WRTI's Susan Lewis talks with Joe Bonjiovi, founder and executive director of the National Jazz Festival about why jazz is so important for young people. Young jazz musicians from 11 states and Puerto Rico are coming to Philadelphia for the 2020 festival on February 15th, which features 63 ensembles of high school-age musicians in different categories.
Joe Bonjiovi, in addition to spearheading the launch of the first National Jazz Festival, is also director of the Philadelphia Jazz Orchestra and the Princeton High School Studio Band, and current president of the New Jersey Association of Jazz Educators.
It's clear he's passionate about jazz and keeping it as a strong part of music education in schools across this country. Why? Here's an edited transcript of his conversation with WRTI's Susan Lewis:
Why do you think it's important to have a National Jazz Festival?
Number one is the sharing of music and cultures within our country. This year we have 11 states and territories represented all the way from Puerto Rico, Chicago, Florida, Maine. Everybody's coming into Philadelphia for this.
Different parts of our country have different flavors and that also comes across in music and in music education. But the underlying theme is jazz. And it might be played a little bit different in Puerto Rico than it is in Chicago or definitely in Maine. And the kids get an opportunity to not only share the music with each other, but to interact and talk to each other and, and exchange information and make friends from all over the country.
So there's a festival, where they have an opportunity to perform, and a competition as well?
Yes, everybody gets to perform. Some groups can be non-competitive, but most of the groups do choose to be in a competitive division. They get to perform throughout the day. There're also clinics and masterclasses throughout the day.
And then in the evening, everybody will meet in the Terrace Ballroom at the Pennsylvania Convention and the US Army Jazz Ambassadors will come in and do a performance. And then we will start our award ceremony.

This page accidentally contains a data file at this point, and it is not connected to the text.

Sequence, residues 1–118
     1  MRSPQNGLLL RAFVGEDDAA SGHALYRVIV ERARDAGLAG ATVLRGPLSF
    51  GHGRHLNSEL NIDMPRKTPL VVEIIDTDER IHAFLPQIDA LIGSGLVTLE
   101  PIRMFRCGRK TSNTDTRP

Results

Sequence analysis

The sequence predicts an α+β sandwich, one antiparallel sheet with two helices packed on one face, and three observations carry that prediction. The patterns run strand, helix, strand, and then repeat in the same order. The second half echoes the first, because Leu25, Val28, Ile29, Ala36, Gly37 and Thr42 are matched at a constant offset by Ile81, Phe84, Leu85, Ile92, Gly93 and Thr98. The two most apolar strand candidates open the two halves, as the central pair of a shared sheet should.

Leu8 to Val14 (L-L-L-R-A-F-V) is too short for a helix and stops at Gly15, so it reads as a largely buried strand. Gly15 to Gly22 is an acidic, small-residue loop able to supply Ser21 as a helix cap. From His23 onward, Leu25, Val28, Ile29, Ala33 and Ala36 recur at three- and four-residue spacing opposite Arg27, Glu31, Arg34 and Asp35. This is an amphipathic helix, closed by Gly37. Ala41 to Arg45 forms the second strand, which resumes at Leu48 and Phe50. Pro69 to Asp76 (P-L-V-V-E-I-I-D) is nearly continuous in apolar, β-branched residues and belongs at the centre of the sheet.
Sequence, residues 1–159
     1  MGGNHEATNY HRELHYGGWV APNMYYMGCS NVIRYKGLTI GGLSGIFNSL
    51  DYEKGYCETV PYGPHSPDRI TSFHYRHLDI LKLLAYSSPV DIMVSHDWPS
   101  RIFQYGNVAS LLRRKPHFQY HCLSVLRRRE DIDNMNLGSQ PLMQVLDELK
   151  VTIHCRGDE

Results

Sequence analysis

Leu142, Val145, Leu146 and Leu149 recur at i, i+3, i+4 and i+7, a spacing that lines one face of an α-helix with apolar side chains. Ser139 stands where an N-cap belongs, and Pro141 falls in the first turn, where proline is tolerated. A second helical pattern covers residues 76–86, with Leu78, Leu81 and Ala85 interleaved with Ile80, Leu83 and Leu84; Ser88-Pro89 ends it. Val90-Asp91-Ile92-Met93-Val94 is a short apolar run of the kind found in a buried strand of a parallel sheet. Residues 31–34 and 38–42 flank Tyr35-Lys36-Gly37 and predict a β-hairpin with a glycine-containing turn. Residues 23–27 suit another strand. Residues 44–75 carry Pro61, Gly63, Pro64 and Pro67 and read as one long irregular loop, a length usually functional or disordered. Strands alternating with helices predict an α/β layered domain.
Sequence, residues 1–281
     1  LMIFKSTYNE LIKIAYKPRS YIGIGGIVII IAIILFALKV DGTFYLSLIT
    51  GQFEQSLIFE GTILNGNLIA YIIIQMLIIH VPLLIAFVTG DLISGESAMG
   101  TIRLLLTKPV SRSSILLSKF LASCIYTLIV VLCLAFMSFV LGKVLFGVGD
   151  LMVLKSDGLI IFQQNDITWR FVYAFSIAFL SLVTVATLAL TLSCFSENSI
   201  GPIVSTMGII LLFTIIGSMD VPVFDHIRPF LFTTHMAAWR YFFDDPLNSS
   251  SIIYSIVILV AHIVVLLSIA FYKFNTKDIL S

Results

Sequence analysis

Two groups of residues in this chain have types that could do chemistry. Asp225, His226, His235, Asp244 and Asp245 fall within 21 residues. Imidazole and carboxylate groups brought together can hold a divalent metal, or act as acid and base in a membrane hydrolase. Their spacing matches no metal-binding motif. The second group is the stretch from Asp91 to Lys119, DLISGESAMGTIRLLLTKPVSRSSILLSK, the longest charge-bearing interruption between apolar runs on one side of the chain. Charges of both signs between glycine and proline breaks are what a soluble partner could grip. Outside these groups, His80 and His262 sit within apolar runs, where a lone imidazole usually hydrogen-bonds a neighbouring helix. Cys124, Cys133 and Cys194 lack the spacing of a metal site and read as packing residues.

So jazz is an art form that that is uniquely American and has been going on for a century. And it's evolved in the way it's played. How do these high school students in 2020 respond to this music?
It's amazing, actually. They respond exceedingly well. Our festival features small combos, which is primarily what's taken over these days in New York in terms of clubs, trios and quartets. And then we also have large, big band ensembles back to the Glenn Miller, Stan Kenton, Count Basie age. And then we have everything in between.
The big band is now taking on a bit of a more contemporary flavor, particularly with artists like Snarky Puppy, which is not typically a big band, but has a large ensemble with rhythm section and many horn players.
And we're particularly proud of the vocal aspect. Vocal jazz has expanded over the last, I would say 10 to 20 years, particularly in the schools, where a lot of schools are starting to have vocal jazz ensembles, which is different than their regular choir class. It's a different harmony, a different singing style. It's upholding the traditions of Ella Fitzgerald and Tony Bennett and Frank Sinatra, although also giving you the contemporary flavors of Esperada Spalding.
What does exposure to jazz teach students? There's a musical component in that, playing jazz is really learning about the structure of music and creating music. And it also gives you a glimpse in time of a certain part of our history and culture.
Yes. The nice thing about jazz is you get to learn the history and the structure, and the harmony, but then you get to bend it and manipulate it any way you want to express yourself. And it's okay to make mistakes. It's okay to try new things.
And some people are going to get it and some people aren't. But either way, you're learning in the process and you're learning from the masters, but you're also allowed and encouraged to push it forward.